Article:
Hello I’m Grainne McGarvey and welcome to my column which spots local hidden gems from the world of beauty, health, fashion, tourism and hospitality. I will have my ear to the ground (quite literally) to keep you up to date about the new or interesting products and services from our neck of the woods. If you know one – get in touch on twitter @pulseprni or email email@example.com
Grainne spots some Irish Myths and Legends
I love Easter – it’s the only time of year (except Christmas) that it’s perfectly acceptable to eat chocolate for brekkie and not feel guilty. Many of us like to take a few days off to enjoy quality time with the family – but the problem is often what to do with the children if the weather turns bad – because let’s face it, it’s Ireland so the chances of this happening are very high.
I am far from being an expert on entertaining children, but when I look after my best friend’s baby, Aodán, he loves books and would happily let me read to him all day, every day. You can’t go wrong with a good book, and although he usually chooses Peppa Pig or Thomas the Tank Engine (he’s only two after all), the common thread between them all is a good story.
Good stories are what make books memorable – the better the story, the more vivid the memory. I’m sure many of you went to the Giant’s Causeway and heard about the traditional tale of Finn McCool and how his fight with the Scottish giant led to the Causeway being created. I still remember this tale and it got me thinking – in our modern world, how relevant are traditional myths and legends in books for today’s children?
I recently met a local storyteller who argues they definitely are!
Donegal native, Trish Hegarty grew up in between both the north and south of Ireland. She always loved old Irish tales and was disappointed when they were gone from her own children’s school – despite it being the Gaelscoil.
As an ex journalist, Trish knows how to tell a story and in between running a successful business, she set about retelling ancient Irish myths and legends for a new generation of children. Her stories are being published in print and digital formats in both English and Gaeilge and are going down a storm with children across the world.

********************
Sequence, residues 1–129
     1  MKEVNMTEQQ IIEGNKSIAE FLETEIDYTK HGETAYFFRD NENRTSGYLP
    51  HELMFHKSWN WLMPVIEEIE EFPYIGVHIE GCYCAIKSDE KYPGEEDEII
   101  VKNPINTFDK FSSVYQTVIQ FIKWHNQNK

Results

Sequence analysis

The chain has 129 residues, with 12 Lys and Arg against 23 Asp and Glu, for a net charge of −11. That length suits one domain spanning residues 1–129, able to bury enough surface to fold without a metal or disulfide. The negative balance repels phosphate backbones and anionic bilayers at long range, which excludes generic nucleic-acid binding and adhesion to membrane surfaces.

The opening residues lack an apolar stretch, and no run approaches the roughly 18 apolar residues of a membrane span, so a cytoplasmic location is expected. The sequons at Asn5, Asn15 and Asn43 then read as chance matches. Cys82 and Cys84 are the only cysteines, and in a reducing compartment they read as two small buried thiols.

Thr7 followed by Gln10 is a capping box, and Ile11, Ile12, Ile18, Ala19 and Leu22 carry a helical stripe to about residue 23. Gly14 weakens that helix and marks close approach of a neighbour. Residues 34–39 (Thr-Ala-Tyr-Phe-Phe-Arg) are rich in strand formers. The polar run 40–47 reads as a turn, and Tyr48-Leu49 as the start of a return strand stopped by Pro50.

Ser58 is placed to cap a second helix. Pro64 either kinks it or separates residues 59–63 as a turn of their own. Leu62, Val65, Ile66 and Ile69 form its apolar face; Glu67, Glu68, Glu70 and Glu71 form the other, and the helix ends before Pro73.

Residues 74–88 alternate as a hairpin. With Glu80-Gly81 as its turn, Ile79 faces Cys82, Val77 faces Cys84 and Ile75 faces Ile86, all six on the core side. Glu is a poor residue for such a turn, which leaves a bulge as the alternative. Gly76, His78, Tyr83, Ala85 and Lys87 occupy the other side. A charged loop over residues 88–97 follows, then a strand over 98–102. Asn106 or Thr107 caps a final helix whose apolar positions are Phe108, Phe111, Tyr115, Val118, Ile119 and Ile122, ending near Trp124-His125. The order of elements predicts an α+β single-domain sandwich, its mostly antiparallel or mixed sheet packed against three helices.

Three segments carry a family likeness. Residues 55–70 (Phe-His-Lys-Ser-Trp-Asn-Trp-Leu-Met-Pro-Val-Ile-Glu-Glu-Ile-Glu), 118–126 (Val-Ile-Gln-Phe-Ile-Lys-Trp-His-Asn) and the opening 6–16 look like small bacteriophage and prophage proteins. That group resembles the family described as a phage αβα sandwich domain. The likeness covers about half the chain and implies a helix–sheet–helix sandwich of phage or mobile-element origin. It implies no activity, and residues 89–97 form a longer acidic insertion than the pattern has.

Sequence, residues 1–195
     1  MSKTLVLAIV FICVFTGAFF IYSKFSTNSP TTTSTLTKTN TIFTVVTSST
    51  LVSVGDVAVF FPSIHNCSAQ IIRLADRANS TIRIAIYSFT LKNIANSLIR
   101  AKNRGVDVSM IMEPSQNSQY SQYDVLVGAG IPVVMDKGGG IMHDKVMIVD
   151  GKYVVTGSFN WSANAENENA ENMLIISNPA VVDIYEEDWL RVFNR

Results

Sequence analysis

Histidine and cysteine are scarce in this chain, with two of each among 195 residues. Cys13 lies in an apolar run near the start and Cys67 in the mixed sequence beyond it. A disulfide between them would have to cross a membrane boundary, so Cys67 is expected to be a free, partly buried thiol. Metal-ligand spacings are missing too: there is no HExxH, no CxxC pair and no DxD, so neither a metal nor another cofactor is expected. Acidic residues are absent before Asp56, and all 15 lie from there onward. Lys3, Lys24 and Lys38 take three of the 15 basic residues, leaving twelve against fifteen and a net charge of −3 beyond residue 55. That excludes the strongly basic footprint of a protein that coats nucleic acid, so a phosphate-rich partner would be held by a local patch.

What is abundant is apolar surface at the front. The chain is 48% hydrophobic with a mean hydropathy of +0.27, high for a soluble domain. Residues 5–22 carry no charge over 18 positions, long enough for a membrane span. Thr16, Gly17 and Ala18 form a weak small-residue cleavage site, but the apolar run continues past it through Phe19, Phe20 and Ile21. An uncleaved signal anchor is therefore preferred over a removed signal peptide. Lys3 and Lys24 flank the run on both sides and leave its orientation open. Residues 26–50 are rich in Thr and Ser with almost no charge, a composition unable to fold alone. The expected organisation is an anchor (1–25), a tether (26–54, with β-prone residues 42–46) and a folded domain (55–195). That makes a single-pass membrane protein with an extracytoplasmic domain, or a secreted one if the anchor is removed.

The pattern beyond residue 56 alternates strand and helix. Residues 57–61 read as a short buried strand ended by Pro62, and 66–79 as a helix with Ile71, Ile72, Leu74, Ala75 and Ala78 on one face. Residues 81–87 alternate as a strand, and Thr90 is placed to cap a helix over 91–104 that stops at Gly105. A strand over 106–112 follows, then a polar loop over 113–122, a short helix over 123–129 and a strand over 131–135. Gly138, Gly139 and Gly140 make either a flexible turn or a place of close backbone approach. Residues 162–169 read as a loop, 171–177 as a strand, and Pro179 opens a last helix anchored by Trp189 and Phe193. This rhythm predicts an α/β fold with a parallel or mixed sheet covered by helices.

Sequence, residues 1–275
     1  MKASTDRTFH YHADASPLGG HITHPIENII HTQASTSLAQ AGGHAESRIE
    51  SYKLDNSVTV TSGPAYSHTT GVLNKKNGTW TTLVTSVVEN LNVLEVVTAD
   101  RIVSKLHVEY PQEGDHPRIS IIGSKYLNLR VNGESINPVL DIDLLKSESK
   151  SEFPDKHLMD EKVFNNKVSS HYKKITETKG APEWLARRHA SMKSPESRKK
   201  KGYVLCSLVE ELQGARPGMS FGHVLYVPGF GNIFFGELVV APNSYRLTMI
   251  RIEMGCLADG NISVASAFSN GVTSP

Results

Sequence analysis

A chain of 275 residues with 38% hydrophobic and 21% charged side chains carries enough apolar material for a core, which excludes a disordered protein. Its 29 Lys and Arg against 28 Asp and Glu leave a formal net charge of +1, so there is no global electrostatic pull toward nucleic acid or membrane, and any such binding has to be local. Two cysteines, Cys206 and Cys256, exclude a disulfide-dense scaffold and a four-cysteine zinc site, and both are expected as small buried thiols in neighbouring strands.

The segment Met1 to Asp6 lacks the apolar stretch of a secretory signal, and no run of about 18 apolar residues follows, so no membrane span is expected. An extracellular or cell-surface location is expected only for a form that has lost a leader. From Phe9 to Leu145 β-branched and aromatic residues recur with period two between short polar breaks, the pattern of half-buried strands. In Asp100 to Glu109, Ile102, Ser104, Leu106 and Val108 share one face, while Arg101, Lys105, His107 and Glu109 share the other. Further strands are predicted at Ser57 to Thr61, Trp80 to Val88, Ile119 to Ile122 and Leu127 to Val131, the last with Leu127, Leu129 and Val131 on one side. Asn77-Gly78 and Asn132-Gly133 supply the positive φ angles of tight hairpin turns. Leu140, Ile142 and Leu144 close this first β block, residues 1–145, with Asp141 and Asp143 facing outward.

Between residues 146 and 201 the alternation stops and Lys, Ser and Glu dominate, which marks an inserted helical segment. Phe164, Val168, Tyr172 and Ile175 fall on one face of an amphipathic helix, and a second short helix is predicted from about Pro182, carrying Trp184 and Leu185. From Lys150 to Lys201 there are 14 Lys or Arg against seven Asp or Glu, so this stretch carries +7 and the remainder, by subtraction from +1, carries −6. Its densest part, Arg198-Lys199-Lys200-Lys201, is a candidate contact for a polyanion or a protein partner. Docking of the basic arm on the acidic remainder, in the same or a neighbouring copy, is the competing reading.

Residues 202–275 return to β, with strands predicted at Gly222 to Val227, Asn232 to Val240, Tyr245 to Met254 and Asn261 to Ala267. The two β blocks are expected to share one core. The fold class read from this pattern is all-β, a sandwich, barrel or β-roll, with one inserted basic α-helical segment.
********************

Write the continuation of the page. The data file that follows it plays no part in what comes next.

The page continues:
The legends are told in a simple story-telling style and are beautifully illustrated by Celtic artist, John Quigley who is based in Inishowen. The Irish translation is by Daire Ní Laoi, from Howth, who is a naíscoil (Irish language nursery school) teacher and professional translator.
The first book in the series, The Brown Bull of Cooley/An Donn Cuailgne is aimed at bringing Irish myths and legends back into the classroom mainly, but also into children’s homes. This book tells the story of Queen Maeve of Connacht, who sets out to capture The Brown Bull of Cooley, to prove to her husband that she is the richest person in Ireland.
I must say that I loved it and found it very readable – it’s bright, breezy and the beautiful Celtic designs jump off the page. As the book is for children, I felt the only way to rate it was to try it out on Aodán. Ok, it’s aimed at 7-10 year olds, but it works well read aloud to younger children, because of its storytelling style and rhythms.
Granted it’s only the first book in the series, so I would like to read the others to judge it fairly. The good thing is that each book only costs £2.16 on kindle – so it meant I could download it for him and still have enough change for a chocolate egg for me! 😉
If you are inspired by The Brown Bull of Cooley/An Donn Cuailgne, we have an English & Gaeilge version to give away to one lucky Belfast Times reader. Simply answer this question:
Q. What is the name of the Queen in the book?
Email your answer, along with your name, address & contact number before Wednesday 23 April 2014 to firstname.lastname@example.org with G Spots! in the subject